The Kelrath, insular to the point of paranoia, content to wait out the Chezbah in their wars. Something beyond a mere threat of a new weapon would have to motivate them to act. I knew just the thing.
“Oslo, I need a Free Trader. I need to do business with the Kelrath” I said.
She looked away from me and down at the ground. “That will not be easy here.” she answered.
“I know, but it’s important.” I said, taking her hand. She flinched slightly.
“I may not be able to get one. Hadolko does not think you help the tribe.” She said.
“Tell him that this will help the tribe. The trader will return with goods.” I said.
“But you won’t return.” She said.
“No, I have work to do. And no, you can’t come with me. I have to do this alone or they’ll kill us both.”
Her eyes wouldn’t lift off the ground. “Why did I save you?” She asked.
“What you did was important. Without you I would be dead and the Chezbah would win.”
“That’s not what I asked.” She buried her face in the tent cloths.
I started to realize what she asked. “You saved me so that you wouldn’t lose me.”
“Now you’re leaving.” she hissed.
I sighed. “Yes.”
She left the tent.
I was able to stand for short periods of time now. For a spine fracture and a femur snapped in two, my recovery was remarkably fast. I didn’t dare leave my tent though. Anything I saw or knew about the camp might give away it’s location to Loc. If there was a stress fracture in the walls of the hex we were in, it’s orientation and size could tip-off the Chezbah to where we were.
Any little bit of information I knew, could jeopardize the tribe. More selfishly, it could lead the Chezbah to me.
After a few hours, someone was outside the tent, scuffing their feet on the ground. This was the Scimrahn way of making their presence known.
“Come.” I said.
Hadolko entered the tent. I rose to greet him but stopped in mid motion. He was missing his right arm.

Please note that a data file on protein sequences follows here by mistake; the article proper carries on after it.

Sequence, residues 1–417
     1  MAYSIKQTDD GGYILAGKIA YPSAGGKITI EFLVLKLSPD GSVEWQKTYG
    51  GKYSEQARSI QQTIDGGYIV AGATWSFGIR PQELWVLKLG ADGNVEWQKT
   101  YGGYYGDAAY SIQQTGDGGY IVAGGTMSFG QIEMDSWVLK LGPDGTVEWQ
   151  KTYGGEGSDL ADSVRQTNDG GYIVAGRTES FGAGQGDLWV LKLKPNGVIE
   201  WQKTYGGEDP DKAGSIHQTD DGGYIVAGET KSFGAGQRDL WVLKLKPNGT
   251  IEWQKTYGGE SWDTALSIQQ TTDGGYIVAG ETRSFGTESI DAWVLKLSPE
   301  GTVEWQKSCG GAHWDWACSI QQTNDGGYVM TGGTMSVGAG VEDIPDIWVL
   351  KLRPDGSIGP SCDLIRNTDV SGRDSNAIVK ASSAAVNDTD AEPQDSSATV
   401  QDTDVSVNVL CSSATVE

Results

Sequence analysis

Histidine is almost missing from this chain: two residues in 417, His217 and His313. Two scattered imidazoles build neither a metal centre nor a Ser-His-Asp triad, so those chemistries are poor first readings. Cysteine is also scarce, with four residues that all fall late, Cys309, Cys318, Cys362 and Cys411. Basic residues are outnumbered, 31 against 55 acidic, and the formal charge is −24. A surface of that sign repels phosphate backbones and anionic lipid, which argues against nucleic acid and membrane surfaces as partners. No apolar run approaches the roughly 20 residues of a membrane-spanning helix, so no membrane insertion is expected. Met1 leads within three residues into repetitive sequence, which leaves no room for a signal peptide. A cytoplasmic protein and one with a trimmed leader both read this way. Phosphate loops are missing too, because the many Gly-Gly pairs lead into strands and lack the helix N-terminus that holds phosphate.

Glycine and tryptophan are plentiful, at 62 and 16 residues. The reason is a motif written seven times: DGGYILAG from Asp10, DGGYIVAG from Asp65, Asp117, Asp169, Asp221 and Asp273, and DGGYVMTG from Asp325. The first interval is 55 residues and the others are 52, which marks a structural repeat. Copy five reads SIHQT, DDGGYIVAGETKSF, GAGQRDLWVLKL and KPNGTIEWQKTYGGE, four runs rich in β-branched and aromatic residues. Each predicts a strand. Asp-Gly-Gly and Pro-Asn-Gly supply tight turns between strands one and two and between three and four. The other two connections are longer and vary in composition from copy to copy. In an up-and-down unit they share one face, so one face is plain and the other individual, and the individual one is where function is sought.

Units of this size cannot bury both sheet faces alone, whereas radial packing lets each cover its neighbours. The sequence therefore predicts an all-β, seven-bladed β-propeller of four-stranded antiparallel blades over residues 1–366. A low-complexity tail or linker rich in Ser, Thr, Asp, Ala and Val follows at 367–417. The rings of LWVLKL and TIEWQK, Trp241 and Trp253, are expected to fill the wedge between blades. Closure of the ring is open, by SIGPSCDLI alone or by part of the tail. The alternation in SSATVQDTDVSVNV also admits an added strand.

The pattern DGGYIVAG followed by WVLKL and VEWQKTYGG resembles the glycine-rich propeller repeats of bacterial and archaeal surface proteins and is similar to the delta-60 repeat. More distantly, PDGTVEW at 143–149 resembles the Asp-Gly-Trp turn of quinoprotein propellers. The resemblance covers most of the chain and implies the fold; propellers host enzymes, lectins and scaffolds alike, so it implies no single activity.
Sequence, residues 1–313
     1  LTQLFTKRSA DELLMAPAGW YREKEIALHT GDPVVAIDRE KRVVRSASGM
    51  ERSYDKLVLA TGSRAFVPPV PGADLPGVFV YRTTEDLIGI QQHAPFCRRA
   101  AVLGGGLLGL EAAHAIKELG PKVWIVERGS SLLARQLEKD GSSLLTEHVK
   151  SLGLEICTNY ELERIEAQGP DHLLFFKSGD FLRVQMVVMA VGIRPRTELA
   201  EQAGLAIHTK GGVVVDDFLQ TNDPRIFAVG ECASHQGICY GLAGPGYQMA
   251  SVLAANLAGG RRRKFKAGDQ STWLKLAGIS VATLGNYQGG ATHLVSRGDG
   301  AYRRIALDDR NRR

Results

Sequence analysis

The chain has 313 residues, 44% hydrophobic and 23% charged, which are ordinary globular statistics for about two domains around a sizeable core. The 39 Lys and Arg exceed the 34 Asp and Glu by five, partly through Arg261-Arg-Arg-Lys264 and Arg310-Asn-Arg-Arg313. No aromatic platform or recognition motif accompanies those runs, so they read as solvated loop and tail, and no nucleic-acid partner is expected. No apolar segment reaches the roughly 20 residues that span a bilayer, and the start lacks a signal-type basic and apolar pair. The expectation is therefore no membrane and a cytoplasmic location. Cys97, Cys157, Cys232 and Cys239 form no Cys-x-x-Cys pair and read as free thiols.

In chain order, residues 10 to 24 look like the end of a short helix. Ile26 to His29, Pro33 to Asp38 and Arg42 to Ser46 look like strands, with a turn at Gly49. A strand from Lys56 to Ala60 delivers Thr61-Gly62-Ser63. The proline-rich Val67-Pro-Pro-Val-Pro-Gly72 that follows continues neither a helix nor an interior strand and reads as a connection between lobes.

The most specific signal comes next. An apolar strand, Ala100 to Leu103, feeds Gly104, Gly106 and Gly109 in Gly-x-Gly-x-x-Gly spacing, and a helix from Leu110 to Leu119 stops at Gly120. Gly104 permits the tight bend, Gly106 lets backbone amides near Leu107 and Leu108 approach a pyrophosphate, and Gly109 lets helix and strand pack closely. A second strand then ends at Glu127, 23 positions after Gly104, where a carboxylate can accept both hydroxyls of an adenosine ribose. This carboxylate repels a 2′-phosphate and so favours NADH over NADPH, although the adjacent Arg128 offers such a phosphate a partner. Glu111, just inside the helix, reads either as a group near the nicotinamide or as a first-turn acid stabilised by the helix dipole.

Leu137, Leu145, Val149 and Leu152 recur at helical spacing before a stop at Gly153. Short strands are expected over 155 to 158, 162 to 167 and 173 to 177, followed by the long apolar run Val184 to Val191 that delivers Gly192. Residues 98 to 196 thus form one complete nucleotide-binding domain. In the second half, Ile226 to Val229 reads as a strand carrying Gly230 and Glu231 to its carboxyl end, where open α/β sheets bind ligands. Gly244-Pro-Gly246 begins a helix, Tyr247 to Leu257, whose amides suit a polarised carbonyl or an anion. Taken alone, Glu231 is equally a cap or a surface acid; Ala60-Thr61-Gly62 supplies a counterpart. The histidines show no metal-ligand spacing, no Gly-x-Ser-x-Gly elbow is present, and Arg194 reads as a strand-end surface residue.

“Kelec.” He addressed me as if I was a total stranger.
“Hadolko, what happened?” I asked, gesturing to his arm.
He looked down at his shoulder and then back at me with a steely gaze. “I was sloppy. I will not be sloppy again.”
I could see that the trauma he had been through had deeply changed him. He was taller, still a child, going through a growth spurt.
“As Enforcer of this tribe, it is my duty to keep it safe. You are a danger to us as long as you’re here, so I want you gone. If I had the fuel to fly you out on a gunship I would but staying this deep in the dark means I have no resources to spare on you.”
“Wait, wait, wait.” I waved my hands in front of him. “You’re the Enforcer for the Kwi tribe?”
He huffed. “Yes.”
“And Osulo is Matriarch?”
He wouldn’t make eye contact now. “She is.”
“So you and she are. . .” I trailed off.
“Yes Kalec, we are.” he said.
“I see. Well, then, yes I understand. Let’s negotiate. You want me gone, and I need to get gone, we both agree on that. The problem is how much is getting rid of me worth to you. Do you know a free trader that can get an audience with a Rantaa’?”
“I have heard of one.” He looked at me suspiciously “A free trader is only allowed to travel by themselves into Kelrath territory. To bring you with them is a death sentence for both of you.”
“All true, but I plan to wait until the trader is gone before revealing myself.”
“They will thoroughly search the cargo, earther. You’re brain has been baked by the suns.”
“I don’t plan to be in the cargo. I plan to hide in one of their own vehicles.” I said.
“You’re mad earther. What do you know about the Kelrath?”
“You forget, I’m not an earther anymore. I’m Kelec. According to the custom of your people, I have full rights as a Kelec. Refusal to aid me could put a black mark on the Kwi tribe.” I bluffed.
Hadolko stepped back, looking up an around as if checking his memory. “That sanction is only for refusing the basic needs of a scout or minstrel! It does not apply to what you are asking for.”
“Do you want to test that? Do you want it to be known that by not helping me, you helped the Chezbah? You see, I could be dangerous by staying and by leaving. What you want is for me to leave on good terms. Then I might be able to get you enough goods to reestablish the Kwi tribe and take them in whatever direction you like.”
This upset Hadolko, but I knew I had gotten my point across. “You risk too much earther. You don’t know if what you’re trying will help us, and I think that you don’t even know if you will even survive. When I make plans, we cannot be so reckless.”
“You’re right Hadolko, but in this case I have neither the time to thoroughly plan, nor do I have the luxury. A sure plan is predictable, and that means that I will fail in my mission. A risky plan means that others will make choices for me, changing my plan along the way. My path has to be as unclear as I can make it.” I said.
Hadolko furrowed his brow. “You are not like the stories of Kelecs I have heard. They wait, they are patient.”
“I was told that I was different by the Chezbah too. So far I think it’s been a good thing.” I said.
“Then you are determined to follow this dangerous path?” he asked.